Loops and Such
Josh Glenn's mad experimentation
"For the first year of experimenting, it was really just me in my room playing around with ideas," Josh Glenn tells SFR. "I'd take all these ideas, put my favorites onto one piece of paper, what I call my 'one sheet,' and I would jam out for an hour or two; sometimes one progression, one idea, and gradually I came to realize I needed to consolidate these ideas."
That consolidation is today known as the John Glenn Experiment, a one-man band of singer-songwriter-style lyrics meets experimental folky looping project from San Antonio, Texas. Looping, for those not in the know, is the process of playing and recording snippets and pieces of music and slowly adding more and sections to create layered, repeated sounds that might otherwise never exist. Glenn's brand of looping makes use of a single acoustic guitar—riffs, chords, beats and solos, all blending into one fascinating melange of melodic sounds at the intersection of folk, electronica and indie rock.
"The initial reason was to be a better solo guitarist," Glenn explains. "I could just rip two chords then solo on top of [them], but I ended up developing. …I don't know what to call it, but it's my way of playing folky electronic sounds without using electronics."
Indeed, some of Glenn's best work, such as his 2016 album Orange Moon, has sounds that might easily be mistaken for synths or effects, but everything was recorded live with one guitar.
Glenn did perform with the short-lived band Nat'l Parks for a time, but solo success has been more within grasp. He tours often, usually alone, and camps out during his sojourns to leave more room for music making—a far cry from his
pop-punk roots and early love of electric guitar.
And though he's tightened his style over more than a year of development, he says he still likes to bring as many improvisational elements into live sets as possible, so you never quite know what version of a Josh Glenn Experiment song you're going to get, but you know it'll be phenomenal. Next comes more touring, a better website (jgexperiment.com) and as many songs as he can put together
between the stacks and layers and sounds Glenn crafts.
Josh Glenn Experiment
7 pm Thursday August 8. Free.
Tumbleroot Brewery & Distillery,
We'd like to address the people who haven't visited the opera this year: Why haven't you visited the Santa Fe Opera this year? Your time is running short. It's a good season, too, according to our reviewer, anyway (read more at SFReporter.com), and the five mainline productions vary from charmingly gorgeous to endearingly flawed. Did we mention those sunsets? The special one-off events? The world-class talent on loan from some of the best opera houses and companies around the world? Get the cheapest tickets you can. Try standing room. Just do it before the season fades and you have to wait another year. We understand it's expensive and not for everyone, but if you've ever had the inkling, just do it. It's far more beautiful than you know.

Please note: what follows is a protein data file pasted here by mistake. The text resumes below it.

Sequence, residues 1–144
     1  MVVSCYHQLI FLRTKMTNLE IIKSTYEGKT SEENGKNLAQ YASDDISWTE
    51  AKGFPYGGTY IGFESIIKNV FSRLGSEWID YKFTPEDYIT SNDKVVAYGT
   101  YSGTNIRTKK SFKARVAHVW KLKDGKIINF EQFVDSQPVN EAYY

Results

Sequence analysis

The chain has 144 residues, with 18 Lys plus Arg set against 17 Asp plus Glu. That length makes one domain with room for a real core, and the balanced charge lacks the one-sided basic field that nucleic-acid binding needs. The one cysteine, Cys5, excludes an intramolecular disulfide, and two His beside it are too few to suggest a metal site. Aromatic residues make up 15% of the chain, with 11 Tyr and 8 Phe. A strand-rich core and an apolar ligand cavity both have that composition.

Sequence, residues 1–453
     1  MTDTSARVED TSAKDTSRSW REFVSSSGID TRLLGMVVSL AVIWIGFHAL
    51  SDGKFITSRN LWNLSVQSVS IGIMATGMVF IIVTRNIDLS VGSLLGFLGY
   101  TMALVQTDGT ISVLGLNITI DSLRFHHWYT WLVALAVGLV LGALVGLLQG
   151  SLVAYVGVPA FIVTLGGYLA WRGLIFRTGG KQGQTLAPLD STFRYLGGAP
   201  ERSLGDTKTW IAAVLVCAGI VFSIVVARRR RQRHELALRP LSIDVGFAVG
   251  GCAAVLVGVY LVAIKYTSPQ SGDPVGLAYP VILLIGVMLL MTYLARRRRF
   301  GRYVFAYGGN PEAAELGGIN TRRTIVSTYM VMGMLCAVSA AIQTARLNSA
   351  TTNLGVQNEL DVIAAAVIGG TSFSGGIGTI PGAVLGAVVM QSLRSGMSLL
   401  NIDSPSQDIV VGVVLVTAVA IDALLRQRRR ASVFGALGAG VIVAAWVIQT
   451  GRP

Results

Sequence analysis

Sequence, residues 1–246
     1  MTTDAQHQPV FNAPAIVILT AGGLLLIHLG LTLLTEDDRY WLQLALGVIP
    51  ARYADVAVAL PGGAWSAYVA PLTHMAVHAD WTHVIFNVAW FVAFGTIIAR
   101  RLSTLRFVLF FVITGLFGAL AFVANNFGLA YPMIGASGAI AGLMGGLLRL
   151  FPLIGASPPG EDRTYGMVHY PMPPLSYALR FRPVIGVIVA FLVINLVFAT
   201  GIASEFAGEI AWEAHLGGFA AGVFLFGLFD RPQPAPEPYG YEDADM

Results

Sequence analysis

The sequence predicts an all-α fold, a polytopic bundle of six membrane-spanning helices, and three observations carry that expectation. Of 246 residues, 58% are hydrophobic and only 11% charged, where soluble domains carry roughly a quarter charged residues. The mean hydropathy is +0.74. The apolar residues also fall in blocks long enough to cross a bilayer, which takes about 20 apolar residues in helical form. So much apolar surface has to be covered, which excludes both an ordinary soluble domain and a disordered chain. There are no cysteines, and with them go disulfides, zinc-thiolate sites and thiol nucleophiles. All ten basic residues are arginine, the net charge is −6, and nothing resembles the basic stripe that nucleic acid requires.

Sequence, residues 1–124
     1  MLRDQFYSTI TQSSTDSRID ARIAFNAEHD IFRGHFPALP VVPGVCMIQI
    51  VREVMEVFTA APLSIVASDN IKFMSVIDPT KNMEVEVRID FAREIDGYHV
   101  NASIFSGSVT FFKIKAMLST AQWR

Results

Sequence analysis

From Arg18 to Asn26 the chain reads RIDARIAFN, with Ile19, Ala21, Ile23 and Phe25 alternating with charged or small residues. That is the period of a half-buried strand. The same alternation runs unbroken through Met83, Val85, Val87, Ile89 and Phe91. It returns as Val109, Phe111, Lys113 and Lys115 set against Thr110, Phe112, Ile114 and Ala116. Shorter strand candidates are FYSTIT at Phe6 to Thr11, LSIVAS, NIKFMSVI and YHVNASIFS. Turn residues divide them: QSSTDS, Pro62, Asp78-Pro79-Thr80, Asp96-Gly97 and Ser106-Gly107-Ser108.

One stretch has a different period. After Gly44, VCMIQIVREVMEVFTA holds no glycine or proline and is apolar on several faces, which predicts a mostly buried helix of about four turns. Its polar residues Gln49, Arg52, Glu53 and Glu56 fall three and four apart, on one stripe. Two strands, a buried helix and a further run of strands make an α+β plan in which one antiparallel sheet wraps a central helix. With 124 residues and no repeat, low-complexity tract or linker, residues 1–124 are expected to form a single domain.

Santa Fe Opera 2019 Season
Various times through August 24. $15-$320.
Santa Fe Opera,
301 Opera Drive, 986-5900.
Let us re-welcome psych-ish indie-rock wunderkinds Dr. Dog—who previously appeared in New Mexico at Meow Wolf's Taos Vortex festival last year—for their bazillionth local show. It's good to have 'em back, too, particularly since the release of Live 2 earlier this year (a limited edition run, folks—sorry if you missed it) was so damn good, it's almost criminal. See, Dr. Dog exists in this strange vacuum niche that no other band has managed to find nearly as well. Think of the tunes like a strange and wonderful merging of Lennon-style lyrical and melodic sensibilities merged with Dylan-level poetry and Nilsson-y weirdness. And the vocal harmonies? Chills. Dr. Dog would have been at home in the 1970s easily but, lucky for us, they belong to now, today, when one can still catch them live and wonder why they haven't loved the band since always. We sure have.
8 pm Sunday August 11. $36-$39.
1352 Rufina Circle, 395-6369.
Earlier this year, master ceramicist Diego Romero collaborated with his brother, the painter Mateo Romero, for an exhibit at the Museum of Indian Art and Culture, but we're highlighting his solo efforts this week because Romero's works come together some place between pop culture phenomena and age-old ceramics tradition, and we love them. Certain design and thematic elements are instantly recognizable (Pueblo life and colonization), while others are more subtle, slyly humorous or tricky to unearth. Getting lost in a Romero is easy, and he is, without question, one of our favorite artists in the state. In the lead-up to Indian Market, Romero shows at Shiprock Santa Fe for the first time ever after 30 years working with the Robert F Nichols Gallery (Nichols, sadly, passed away recently), and word on the street is that the show's incredible. We don't doubt that for a moment.
Diego Romero, Ceramacist
2-4 pm Tuesday August 13. Free.
Shiprock Santa Fe,
53 Old Santa Fe Trail, 982-8478.